YISROEL GLATSHTEYN (1894-1942)
He was musician and writer. In 1908 he sang as a chorister at Zandberg’s Grand Theater in Lodz. He suffered from poverty and aspired to become a Jewish composer, to create Jewish music. He later lived in Berlin. He wrote musical compositions on Jewish themes and excelled in particular at children’s songs. They were sung for many years in Jewish schools over virtually the entire world. He was especially known and popular for the works: Marsh-lid (Marching song), Tsipele (Tsipele), Feld-arbet (Field work), and Blumen (Flowers). His first major collection—Gezang un shpil (Song and play)—appeared in print in Warsaw in 1920: fifty songs and choral plays for children, written to the words of Moyshe Broderzon and Yitskhok Katsenelson. These songs quickly became popular in Jewish schools throughout Europe and in the Americas. He was the first person to compose a Yiddish opera Fatima (Fatima), text by Yitskhok Katsenelson, which Maurice Schwartz staged in New York. He later settled in Berlin. There he wrote important works of music on Jewish themes: Khurbn (Destruction) and Shulamis (Shulamit), which were published in New York by the publishing house of P. Kats (Metro Music Co.). Those who knew him reported that he wrote treatises on music for the Yiddish press and periodicals. As a Polish citizen, in 1939 he was deported from Germany. During WWII, he remained in the Warsaw Ghetto. He was active in the field of Jewish music, and he served as the musical director of the revived Warsaw Ghetto theater. His name can be found on the list of those murdered in Warsaw. Exact dates of his birth and death remain unknown.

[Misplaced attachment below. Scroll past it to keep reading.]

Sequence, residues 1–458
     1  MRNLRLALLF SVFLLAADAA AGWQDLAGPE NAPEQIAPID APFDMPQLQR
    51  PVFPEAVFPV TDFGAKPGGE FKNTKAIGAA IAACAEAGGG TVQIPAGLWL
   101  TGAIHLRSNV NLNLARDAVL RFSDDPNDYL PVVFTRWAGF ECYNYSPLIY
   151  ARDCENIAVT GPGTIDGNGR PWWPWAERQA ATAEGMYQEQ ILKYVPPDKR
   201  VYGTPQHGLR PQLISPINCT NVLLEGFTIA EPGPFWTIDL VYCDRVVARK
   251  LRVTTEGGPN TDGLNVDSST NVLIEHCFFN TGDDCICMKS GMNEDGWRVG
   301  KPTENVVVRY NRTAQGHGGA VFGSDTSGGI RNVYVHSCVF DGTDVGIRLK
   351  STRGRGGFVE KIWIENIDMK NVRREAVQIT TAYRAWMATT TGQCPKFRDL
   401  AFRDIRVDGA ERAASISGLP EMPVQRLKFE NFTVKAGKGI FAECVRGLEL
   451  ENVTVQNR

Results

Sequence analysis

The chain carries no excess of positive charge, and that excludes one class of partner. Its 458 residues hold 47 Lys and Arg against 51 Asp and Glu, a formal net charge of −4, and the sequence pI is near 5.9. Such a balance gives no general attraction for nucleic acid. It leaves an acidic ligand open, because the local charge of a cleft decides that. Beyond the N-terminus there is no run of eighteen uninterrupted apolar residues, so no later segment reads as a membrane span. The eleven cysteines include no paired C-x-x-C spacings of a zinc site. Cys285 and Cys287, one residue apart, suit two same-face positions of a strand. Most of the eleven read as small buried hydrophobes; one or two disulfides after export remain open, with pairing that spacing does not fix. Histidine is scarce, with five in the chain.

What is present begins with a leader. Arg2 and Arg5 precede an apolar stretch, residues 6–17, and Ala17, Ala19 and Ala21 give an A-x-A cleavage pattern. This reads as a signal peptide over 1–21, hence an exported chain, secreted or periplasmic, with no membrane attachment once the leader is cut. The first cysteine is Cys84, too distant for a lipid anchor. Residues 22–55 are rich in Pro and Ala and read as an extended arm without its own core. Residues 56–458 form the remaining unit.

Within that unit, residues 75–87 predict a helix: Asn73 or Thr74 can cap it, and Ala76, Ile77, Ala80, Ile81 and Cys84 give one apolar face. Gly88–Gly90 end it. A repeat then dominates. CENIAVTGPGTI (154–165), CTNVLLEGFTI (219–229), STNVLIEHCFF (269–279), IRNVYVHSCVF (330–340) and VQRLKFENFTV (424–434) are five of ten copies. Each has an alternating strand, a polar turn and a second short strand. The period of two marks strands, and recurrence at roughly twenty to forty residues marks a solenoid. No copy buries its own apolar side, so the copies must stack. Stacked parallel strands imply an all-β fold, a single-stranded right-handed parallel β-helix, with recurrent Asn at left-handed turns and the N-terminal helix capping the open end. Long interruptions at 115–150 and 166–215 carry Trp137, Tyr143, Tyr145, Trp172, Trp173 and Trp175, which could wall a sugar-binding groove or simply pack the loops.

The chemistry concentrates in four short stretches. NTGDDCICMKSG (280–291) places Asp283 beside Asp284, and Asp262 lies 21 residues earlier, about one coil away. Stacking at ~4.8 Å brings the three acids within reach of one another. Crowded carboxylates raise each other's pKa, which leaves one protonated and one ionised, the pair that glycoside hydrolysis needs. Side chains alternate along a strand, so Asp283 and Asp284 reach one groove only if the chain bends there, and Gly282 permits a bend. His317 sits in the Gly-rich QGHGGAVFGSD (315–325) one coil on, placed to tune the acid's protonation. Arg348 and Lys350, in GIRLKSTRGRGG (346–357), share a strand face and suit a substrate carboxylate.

Sources: Melekh Nayshtat, (Destruction and uprising of the Jews in Warsaw) (Tel Aviv, 1948), pp. 400-1; M. Gelbart, in Lerer-yizker-bukh (Teachers memory book) (New York, 1952-1954), pp. 101-2.
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